If Evergreen had its own Tony Awards, the two O’Mearas certainly would be walking the red carpet and taking the stage to claim one or two apiece.
“She’s been singing and putting on shows since she could walk,” Bill said of his daughter, McKenna. “She would literally make up a show and sell tickets several times a week.”
McKenna agreed “I’ve wanted to be an actress since I was four. I played basketball and did gymnastics for a bit, but I’ve always come back to performing.”
Both O’Mearas are starring in musical comedy productions in Evergreen in the coming month: Bill as Seymour in the Evergreen Chorale production of Little Shop of Horrors, and McKenna as Elle Woods in Legally Blonde at Evergreen High School.
Bill’s low-key demeanor and quirky sense of humor give him a natural edge in portraying Seymour Krelborn, a lowly employee in a Skid Row florist shop who is hopelessly in love with the glamourous Audrey.
He started singing in second grade and landed his first role in Oliver way back in fourth grade. Since then, Bill developed his vocal talents by pursuing a voice degree at CU and then singing with a men’s a capella group comprised mainly of CU professors and former Wiffenpoofs (a noted a capella group at Yale), with whom he sang for 10 years.
Bill is often a featured tenor soloist in the Evergreen Chorale’s choral concerts. “Musical theatre is a creative and fun outlet for me. The opportunity to be a part of high-quality productions with other amazing actors and musicians in my own home town is very special to me.”
About nine years ago he joined the Evergreen Chorale, and his first leading role was Sancho in Man of La Mancha. By that time, McKenna had already caught the bug. She accompanied her dad to rehearsals and became the assistant stage manager for the show at age eight.
“McKenna has loved seeing Broadway musicals from Day One,” said Bill, his fatherly pride showing. “And when she is on stage she has a commanding stage presence – people immediately sit up and take notice.” A junior at Evergreen High School, McKenna has been participating in singing and acting camps and classes as long as she can remember.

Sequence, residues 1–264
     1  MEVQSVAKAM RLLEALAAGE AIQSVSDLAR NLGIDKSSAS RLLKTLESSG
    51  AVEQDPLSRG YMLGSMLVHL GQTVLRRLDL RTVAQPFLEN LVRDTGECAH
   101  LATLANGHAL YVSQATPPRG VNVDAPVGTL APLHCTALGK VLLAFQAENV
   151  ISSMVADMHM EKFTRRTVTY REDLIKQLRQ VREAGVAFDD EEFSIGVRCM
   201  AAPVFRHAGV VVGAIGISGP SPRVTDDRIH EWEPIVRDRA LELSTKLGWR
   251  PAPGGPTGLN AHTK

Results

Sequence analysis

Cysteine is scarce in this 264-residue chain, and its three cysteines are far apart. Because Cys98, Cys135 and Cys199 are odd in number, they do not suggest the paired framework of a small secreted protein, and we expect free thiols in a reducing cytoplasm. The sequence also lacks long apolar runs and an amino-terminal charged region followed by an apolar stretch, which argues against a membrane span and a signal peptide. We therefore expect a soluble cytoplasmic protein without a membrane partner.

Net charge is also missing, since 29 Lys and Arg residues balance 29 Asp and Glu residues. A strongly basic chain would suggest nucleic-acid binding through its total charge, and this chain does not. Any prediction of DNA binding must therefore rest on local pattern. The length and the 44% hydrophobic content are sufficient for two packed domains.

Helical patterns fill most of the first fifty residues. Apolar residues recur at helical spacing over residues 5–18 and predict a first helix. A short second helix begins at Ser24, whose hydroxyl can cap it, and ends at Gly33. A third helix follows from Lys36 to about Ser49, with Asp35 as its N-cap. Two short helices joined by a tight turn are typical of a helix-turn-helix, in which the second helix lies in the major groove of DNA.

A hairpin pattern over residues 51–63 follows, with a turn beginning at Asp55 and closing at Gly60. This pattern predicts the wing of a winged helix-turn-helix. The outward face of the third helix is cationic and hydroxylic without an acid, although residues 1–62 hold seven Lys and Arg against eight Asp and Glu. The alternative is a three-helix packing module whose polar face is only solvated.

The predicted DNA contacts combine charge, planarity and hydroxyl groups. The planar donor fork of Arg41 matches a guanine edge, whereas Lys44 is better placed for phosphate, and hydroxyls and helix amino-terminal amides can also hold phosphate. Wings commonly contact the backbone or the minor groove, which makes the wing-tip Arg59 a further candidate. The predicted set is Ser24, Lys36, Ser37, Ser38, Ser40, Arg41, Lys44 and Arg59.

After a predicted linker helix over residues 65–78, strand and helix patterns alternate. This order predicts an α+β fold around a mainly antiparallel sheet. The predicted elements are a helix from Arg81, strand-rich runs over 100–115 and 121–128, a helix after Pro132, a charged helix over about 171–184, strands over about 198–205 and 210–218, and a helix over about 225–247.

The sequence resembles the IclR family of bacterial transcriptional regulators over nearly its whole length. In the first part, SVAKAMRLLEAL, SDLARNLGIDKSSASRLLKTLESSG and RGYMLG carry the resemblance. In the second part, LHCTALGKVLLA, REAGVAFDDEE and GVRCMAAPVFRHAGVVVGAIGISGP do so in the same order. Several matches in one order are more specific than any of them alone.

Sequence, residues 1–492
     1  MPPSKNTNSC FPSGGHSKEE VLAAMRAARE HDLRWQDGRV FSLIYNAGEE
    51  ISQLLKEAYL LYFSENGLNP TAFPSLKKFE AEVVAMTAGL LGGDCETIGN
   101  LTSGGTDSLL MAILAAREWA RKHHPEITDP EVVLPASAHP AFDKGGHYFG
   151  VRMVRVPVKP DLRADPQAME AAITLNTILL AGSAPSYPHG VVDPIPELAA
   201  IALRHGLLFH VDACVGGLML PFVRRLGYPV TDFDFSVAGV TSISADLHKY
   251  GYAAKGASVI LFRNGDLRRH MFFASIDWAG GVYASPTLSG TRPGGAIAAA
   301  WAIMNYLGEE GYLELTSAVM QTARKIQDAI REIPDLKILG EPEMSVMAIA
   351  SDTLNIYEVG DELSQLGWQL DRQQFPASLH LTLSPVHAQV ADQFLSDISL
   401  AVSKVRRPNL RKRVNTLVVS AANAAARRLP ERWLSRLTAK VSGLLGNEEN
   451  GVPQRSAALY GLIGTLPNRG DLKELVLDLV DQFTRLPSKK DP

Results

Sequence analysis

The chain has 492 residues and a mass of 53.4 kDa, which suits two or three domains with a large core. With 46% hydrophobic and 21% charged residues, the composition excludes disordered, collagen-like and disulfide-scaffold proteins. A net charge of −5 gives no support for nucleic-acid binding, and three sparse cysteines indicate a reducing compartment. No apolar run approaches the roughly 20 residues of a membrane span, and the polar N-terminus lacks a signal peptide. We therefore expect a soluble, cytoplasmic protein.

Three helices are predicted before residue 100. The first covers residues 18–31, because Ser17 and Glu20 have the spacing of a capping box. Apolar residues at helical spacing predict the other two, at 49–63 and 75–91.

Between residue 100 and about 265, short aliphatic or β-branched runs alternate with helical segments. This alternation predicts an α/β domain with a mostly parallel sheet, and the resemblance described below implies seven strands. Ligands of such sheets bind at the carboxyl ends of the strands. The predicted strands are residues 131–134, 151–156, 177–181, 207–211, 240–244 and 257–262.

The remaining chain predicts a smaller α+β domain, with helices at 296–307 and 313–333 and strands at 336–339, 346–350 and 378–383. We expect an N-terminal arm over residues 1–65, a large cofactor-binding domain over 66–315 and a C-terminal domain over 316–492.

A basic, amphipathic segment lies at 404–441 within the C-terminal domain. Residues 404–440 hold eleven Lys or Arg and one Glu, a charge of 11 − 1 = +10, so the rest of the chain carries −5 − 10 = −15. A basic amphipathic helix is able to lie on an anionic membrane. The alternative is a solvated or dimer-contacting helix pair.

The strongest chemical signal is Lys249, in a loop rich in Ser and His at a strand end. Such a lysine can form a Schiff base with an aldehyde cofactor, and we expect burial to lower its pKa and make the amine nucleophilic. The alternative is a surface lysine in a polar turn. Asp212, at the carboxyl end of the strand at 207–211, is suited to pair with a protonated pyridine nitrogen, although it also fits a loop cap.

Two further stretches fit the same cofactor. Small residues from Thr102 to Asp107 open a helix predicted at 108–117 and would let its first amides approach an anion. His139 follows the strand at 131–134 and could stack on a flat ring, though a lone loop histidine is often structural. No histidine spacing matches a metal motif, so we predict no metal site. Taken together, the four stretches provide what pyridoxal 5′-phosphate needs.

“It is funny, because I don’t like talking in front of the class – but when I can become a character for a stage production, I find the “good anxiety” that keeps me going.” Audiences who’ve seen her – as Penelope Pennywise in EHS’s production of Urinetown (2013) and Hodel in last year’s Fiddler on the Roof – will agree.
Both O’Mearas concurred that singing and performing are hard work – when rehearsing for a show, they each spend three to four hours a day singing and rehearsing, and that time increases as opening night draws near. “You have to keep singing, working, and studying every day so you can give your character the strength, personality and dimension he deserves.” McKenna agreed “Right now, I rehearse four hours a day, four days a week, but as we get closer to opening, I will probably double that many hours.”
The newest member of the family, Eduardo Inigo Montoya, has jumped right on the bandwagon. Eduardo is a Chihuahua whom they recently rescued. He will share the spotlight in Legally Blonde with McKenna and may even get a walk-on in Little Shop. Bill and McKenna have been bringing him to rehearsals to help him get over stage fright, and he loves all the extra attention he receives from cast members.
McKenna’s favorite Broadway memory is when she visited New York three years ago and saw How to Succeed in Business Without Even Trying, starring Daniel Radcliffe. “I was so excited and so happy – I just knew then that this is what I want to do. I want to be a professional actress – on Broadway or in another major city.”</pAsked what her dream role is, McKenna shared that her current role as Elle Woods in Legally Blonde is one she has always aspired to. “I think it is a great show with an important message.” She may get her break soon – McKenna has been invited to attend the National Honor Society musical theatre intensive at Lincoln Center in NYC this summer and also recently competed in a singing competition that could bring her national attention.
When McKenna makes it on Broadway, we can be the ones to say “we knew her when.”